This is a really simplistic view of labor dynamics and almost certainly too simplistic.

Jobs don’t exist in a vacuum. When a job is created sometimes it spurs other jobs, but sometimes it removes them. It is a really dynamic system full of feedbacks and feed forwards.

I think I read somewhere where someone actually modeled the dynamics behind uber eats, and found out that it resulted in net-negative jobs... That is every worker for uber-eats meant that more then one other worker didn’t get a job, not to mention the worse condition of that one worker that actually had the job.


I read the article you are referring to and it actually came to the opposite conclusion from what you’re saying: net-positive jobs, more spent and more earned.

(If you’re wondering how I am rebutting runarberg when neither he nor I cited a source, that’s a darn good question. But let the record show I offer just as much evidence as he.)


I can draw out a plausible model right now that results in net-negative jobs. Driving factors include:

* Food vendors that previously had delivery downsizing their own delivery staff and offloading it to uber eats.

* Restaurants not wanting to pay the service fees to uber eats gets fewer customers from the lowered exposures (as customers start ordering mostly through the delivery app), and eventually shut down.

* Restaurants that previously didn’t do delivery getting less money per customer as the delivery services take their share. And is forced to cut down on their opening hours and some of their staff to make up for the loss.

I never read that article you are referring to—if it even exits. The point was that labor dynamics are more complicated then: If a job is created, someone will work that job.

If we transfer over to the taxi market. There are examples of city government using Uber as an excuse to cut bus lines. Some bus drivers hence lost their jobs, and some companies probably lost their workers as the commute became to hard.


Now you’re just making things up? Why not either link to the source of your claim? I’m willing to believe what you’re saying is true but you’ve got to link to something, not just make up “models” (using the term very loosely here) out of whole cloth.

Also: how is “restaurant has no customers and has to close” Ubers fault? I guess restaurants never closed before Uber eats existed, or is Uber to blame for those business failures as well?

There’s plenty to criticize Uber for but blaming them for the closure of a restaurant that can’t attract customers is simply ridiculous and makes clear some people simply in this thread will blame anything on Uber regardless of whether the accusation even makes sense.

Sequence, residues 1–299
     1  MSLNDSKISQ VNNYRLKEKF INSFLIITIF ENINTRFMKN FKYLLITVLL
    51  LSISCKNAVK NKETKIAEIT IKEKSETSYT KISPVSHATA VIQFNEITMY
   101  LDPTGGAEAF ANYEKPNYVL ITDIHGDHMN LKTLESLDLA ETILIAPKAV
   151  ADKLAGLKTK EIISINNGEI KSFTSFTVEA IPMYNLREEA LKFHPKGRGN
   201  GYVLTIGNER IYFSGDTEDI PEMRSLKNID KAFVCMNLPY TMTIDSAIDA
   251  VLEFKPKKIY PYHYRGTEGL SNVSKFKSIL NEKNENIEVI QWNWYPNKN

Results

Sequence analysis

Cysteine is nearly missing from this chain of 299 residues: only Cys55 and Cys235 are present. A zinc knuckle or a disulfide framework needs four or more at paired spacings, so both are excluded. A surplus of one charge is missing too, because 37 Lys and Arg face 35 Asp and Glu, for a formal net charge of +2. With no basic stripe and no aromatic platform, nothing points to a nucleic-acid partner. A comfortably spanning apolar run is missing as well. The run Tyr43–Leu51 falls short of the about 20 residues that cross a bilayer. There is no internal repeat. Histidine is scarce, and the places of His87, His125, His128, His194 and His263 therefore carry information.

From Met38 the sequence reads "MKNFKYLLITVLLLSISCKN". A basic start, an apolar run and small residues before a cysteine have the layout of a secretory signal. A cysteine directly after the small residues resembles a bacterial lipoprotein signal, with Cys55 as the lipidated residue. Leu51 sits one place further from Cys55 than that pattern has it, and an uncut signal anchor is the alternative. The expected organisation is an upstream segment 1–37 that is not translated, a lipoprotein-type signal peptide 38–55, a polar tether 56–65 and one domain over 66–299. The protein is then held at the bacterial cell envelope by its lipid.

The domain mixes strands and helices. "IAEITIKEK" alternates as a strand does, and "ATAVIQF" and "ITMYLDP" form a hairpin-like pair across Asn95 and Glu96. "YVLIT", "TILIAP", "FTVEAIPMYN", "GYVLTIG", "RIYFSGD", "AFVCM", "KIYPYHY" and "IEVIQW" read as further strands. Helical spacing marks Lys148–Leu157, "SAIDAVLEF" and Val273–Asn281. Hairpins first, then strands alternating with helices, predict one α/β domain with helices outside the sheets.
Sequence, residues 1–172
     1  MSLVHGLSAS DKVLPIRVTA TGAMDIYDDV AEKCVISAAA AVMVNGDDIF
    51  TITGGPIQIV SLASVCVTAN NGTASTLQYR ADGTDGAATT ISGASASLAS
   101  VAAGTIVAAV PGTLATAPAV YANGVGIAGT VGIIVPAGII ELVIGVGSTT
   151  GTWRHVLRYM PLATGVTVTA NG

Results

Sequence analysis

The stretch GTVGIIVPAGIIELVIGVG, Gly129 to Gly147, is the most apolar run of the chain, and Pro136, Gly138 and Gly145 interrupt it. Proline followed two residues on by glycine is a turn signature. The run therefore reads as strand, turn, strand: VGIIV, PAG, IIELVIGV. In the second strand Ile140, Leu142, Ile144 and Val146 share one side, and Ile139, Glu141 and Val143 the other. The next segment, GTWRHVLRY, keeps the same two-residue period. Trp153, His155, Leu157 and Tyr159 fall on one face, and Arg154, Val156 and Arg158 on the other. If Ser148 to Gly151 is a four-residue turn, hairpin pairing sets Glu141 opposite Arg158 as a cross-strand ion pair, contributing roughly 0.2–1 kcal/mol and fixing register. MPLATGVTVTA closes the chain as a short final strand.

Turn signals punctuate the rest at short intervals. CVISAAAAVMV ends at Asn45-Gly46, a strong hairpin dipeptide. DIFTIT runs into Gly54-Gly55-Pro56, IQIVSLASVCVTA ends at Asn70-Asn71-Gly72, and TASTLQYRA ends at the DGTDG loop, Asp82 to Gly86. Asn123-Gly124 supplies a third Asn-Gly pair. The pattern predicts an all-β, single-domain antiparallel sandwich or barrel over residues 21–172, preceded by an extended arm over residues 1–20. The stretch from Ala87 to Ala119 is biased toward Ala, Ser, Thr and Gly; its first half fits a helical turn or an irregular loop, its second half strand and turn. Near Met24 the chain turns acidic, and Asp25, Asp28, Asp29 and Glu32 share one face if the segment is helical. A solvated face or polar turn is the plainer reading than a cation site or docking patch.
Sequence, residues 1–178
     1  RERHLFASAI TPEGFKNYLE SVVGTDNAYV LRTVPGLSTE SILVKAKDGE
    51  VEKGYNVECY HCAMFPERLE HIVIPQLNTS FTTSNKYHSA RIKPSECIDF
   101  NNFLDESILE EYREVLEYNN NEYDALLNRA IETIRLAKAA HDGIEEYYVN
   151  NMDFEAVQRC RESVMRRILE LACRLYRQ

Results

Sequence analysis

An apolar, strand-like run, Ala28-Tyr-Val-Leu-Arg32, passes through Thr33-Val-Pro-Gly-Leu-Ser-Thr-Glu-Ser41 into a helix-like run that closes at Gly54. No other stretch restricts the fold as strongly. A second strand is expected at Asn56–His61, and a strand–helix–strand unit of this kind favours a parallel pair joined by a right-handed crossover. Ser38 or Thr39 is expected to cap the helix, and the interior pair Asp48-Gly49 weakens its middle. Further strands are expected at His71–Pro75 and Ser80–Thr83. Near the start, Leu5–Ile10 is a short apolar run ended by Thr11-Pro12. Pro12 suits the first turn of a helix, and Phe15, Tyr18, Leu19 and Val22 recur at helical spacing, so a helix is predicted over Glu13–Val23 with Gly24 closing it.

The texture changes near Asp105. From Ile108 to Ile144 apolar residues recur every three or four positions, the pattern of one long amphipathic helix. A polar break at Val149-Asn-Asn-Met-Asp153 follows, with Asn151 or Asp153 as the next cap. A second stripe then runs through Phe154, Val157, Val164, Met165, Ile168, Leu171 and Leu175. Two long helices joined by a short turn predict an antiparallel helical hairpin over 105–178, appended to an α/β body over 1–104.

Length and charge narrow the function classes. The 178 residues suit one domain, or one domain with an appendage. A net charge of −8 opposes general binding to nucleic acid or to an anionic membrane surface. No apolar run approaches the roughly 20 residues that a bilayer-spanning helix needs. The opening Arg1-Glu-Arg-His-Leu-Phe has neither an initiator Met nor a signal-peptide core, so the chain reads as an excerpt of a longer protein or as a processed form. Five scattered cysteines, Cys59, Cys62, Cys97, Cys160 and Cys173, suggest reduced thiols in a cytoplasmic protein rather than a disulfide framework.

I am just making things up. My point was never to claim that uber eats has a net negative effects on available jobs, just to hint that it might be the case as an argument against GGGP claim that without uber the workers would either be unemployed or possess an equally sucky job.

> I think I read somewhere where someone actually modeled the dynamics

I know I’m being a little dishonest here. The fact is that I merely think I remember someone else talking about someone else doing such a thing. I never actually had the source, and I think I once saw a secondary source. But I didn’t think I actually needed—nor did I feel like wasting my time—to search for it. I figured it would be sufficient to demonstrate that such dynamics can theoretically exist.


> No, in Switzerland. Instead it managed to steal almost a billion USD from drivers in Switzerland alone and give others the "idea" they can break the law too.

It seems that this ~billion USD is an hypothetical amount Uber would have had to pay if its contractors had been employees? If so, I'm not quite sure "steal" is the appropriate word here. It also ignores the many things Uber might have done differently if its drivers had been employees: increase fare rates, decrease driver payouts, hire less drivers, possibly get out of Switzerland entirely, etc.


Well, and this is exactly the problem. They disrupted the market of ordinary taxis by undercuting the prices. Now that they are compelled to pay social contribitions their business is suddenly unprofitable.

As it was discussed in the other threads - Uber is not prohibited in Switzerland, they just need to adhere to the law same as everyone else. Somehow this seems to be a problem for them.